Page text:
Sudbury city manager warned councillor Vagnini about harassing fire chief

Internal city emails show Greater Sudbury's top bureaucrat was concerned that city councillors were harassing the former fire chief. The emails obtained through freedom of information laws are from before the allegations became public, but months after the initial complaint.

Two city councillors are currently being investigated for workplace harassment

Ward 2 Sudbury city councillor Michael Vagnini (Yvon Theriault/Radio-Canada)

Internal city emails show Greater Sudbury's top bureaucrat was concerned that city councillors were harassing the former fire chief.

The emails obtained through freedom of information laws are from before the allegations became public in October, but months after the initial complaint in the spring.

The Sudbury Professional Firefighters Association complained to the city in spring 2017 that fire chief Trevor Bain was being harassed by city councillors and other city employees over the controversial optimization plan proposed to overhaul Sudbury's fire department.

The Ministry of Labour has said that complaint was not properly looked into and in October ordered the city to conduct a full investigation, as required by workplace harassment laws, shortly after Bain was fired.

But before that, in early September, Greater Sudbury chief administrative officer Ed Archer wrote to city councillor Michael Vagnini about some Facebook posts that he wrote and others that he endorsed by clicking like.

Ed Archer is the chief administrative officer of the City of Greater Sudbury. (CBC)

"Some of these comments include opinions about Trevor and fire management staff that appear contrary to our workplace harassment policy," Archer wrote.

"We should not share or comment positively on social media posts that include remarks that may be contrary to our workplace harassment policy."

Vagnini and Archer exchange several e-mails back and forth, with both explaining their good intentions to work well with the other.

"As for the 'like," Vagnini wrote to Archer, "I had a few administrators for my Facebook, as I don't do social media well (God knows I get enough)... the purpose was to share things well (sic) I'm on the road. One is over zealous, they have been cut off access."

In an interview with CBC, Vagnini explained that the administrator was not posting for him on the Facebook page, but had access to it and may have been the one to like the controversial Facebook post. 

But Vagnini also admitted that he might have clicked like "late at night, after a meeting."

He says either way the like has been removed.

'Strongly disagree'

Archer also took exception to a column Vagnini wrote in the Sudbury Star on Oct. 4 where he suggests that city staff were presenting "erroneous data" at public meetings on the fire optimization plan.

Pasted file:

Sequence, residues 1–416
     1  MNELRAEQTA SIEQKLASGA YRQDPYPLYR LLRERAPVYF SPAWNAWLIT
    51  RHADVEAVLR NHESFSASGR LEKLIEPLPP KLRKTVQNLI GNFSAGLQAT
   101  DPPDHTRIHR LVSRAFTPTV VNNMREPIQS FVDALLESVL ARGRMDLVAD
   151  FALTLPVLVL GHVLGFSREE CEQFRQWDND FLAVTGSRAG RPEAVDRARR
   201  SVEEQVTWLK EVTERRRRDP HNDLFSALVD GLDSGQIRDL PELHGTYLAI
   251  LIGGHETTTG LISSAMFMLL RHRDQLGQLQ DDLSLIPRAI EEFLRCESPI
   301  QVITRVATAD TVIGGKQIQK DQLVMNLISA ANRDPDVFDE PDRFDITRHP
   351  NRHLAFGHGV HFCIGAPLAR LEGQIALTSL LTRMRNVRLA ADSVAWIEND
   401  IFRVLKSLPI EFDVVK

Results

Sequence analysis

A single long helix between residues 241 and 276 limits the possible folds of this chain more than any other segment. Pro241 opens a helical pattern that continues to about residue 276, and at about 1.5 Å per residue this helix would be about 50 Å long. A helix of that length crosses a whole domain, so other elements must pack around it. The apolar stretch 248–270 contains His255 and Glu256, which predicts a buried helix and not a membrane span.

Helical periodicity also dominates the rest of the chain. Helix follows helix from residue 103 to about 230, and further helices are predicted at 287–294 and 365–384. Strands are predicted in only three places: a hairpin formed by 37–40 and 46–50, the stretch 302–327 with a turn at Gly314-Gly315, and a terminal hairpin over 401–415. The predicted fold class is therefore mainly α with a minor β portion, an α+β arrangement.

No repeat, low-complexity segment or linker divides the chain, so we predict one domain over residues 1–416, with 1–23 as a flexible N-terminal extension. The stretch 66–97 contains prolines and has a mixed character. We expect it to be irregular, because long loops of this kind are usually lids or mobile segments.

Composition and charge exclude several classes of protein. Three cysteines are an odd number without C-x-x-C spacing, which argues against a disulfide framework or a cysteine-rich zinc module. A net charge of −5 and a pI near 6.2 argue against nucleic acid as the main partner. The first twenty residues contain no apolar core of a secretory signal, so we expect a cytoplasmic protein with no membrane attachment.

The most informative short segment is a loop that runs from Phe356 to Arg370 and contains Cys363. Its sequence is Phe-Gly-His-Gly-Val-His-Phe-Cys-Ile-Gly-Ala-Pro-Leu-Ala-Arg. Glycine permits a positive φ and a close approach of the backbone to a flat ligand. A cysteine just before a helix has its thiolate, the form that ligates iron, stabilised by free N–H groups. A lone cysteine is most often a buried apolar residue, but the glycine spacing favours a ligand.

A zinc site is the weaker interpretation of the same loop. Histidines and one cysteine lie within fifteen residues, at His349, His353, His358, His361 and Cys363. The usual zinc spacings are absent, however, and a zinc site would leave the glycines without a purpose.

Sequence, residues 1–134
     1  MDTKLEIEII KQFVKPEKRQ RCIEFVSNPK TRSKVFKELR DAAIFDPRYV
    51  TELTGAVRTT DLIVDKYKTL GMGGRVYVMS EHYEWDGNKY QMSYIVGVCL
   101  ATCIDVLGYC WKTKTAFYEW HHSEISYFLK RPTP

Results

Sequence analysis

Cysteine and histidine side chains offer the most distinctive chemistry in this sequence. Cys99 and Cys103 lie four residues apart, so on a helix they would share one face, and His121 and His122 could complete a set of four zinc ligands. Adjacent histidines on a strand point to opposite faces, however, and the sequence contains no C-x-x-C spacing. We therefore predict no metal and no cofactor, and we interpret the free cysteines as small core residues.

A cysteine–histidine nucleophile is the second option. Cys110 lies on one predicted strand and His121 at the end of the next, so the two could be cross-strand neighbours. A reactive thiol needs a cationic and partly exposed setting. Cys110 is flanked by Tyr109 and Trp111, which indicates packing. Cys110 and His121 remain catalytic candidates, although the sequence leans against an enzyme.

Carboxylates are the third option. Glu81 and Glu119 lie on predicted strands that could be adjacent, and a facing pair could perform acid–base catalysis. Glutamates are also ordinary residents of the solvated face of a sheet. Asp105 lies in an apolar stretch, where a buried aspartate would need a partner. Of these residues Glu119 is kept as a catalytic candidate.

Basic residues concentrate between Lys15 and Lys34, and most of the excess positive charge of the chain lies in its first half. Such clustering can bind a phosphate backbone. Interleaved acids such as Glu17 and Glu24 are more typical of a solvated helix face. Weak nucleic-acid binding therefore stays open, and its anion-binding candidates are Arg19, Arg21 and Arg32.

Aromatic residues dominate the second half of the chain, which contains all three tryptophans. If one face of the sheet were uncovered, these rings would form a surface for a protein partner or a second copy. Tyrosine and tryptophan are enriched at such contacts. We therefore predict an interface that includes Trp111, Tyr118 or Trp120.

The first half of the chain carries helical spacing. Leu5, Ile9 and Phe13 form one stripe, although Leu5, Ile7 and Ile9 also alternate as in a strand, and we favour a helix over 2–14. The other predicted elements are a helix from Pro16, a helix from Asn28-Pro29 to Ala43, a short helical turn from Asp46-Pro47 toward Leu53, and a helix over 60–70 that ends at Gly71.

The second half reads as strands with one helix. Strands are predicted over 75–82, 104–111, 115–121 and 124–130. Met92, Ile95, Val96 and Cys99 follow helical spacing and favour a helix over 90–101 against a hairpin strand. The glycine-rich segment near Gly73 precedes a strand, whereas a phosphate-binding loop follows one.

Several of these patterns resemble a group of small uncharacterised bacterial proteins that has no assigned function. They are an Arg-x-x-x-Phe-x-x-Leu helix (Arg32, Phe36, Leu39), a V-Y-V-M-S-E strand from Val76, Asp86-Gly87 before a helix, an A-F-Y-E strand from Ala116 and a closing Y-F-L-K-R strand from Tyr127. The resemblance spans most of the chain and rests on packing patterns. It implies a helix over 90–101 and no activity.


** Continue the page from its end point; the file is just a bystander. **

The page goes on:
"You expressed the idea that my staff intentionally misled attendees at a community meeting. The basis for your statement appears to be an opinion that my staff could have no other reason for the responses provided to questions raised at the meeting," Archer wrote to the city councillor.

"Considering our recent discussions about public comments regarding staff performance and our workplace harassment policy, I was surprised to see your column."

"I strongly disagree with the opinion that my staff intentionally misled anyone or were motivated to do so. If there is information that informs such an opinion, please share it with me."

This email from Greater Sudbury Mayor Brian Bigger to city councillor Michael Vagnini was redacted because it contains advice, which can be protected under freedom of information laws. (Supplied)

Archer also wrote to Mayor Brian Bigger about Vagnini's column, telling him he was "surprised that a councillor would say such things about staff, much less in writing as a public record."

Vagnini also wrote to Mayor Bigger asking him for advice on how to deal with Archer. Bigger did provide some advice, but exactly what he wrote was redacted by city staff, who argue that information is protected under the section of the freedom of information law pertaining to "advice and recommendations."

In an interview about the emails, Vagnini says they merely outline a misunderstanding between himself and Archer that has since been cleared up.

"I think there was some misinterpretation," Vagnini says.

Archer declined to comment on the emails, saying that they "speak for themselves."

Kris Volpel is the president of the Sudbury Professional Firefighters Association. (Erik White/CBC )

Full-time firefighter union president Kris Volpel, who filed the original complaint, says the emails show he wasn't the only one who felt Vagnini crossed a line while commenting on the fire optimization plan.

"It would appear there are others within the corporation that have shared the same concerns that I have had," says Volpel.

"It would seem as though that it was an ongoing discussion. Obviously the discussions or the means of trying to address the concerns didn't satisfy the Ministry of Labour."

Volpel declined to comment on the ongoing investigation into whether or not Vagnini, city councillor Gerry Montpellier or a handful of other city employees violated the province's workplace harassment laws.

A third party investigator hired by the city has until March to report back to the Ministry of Labour.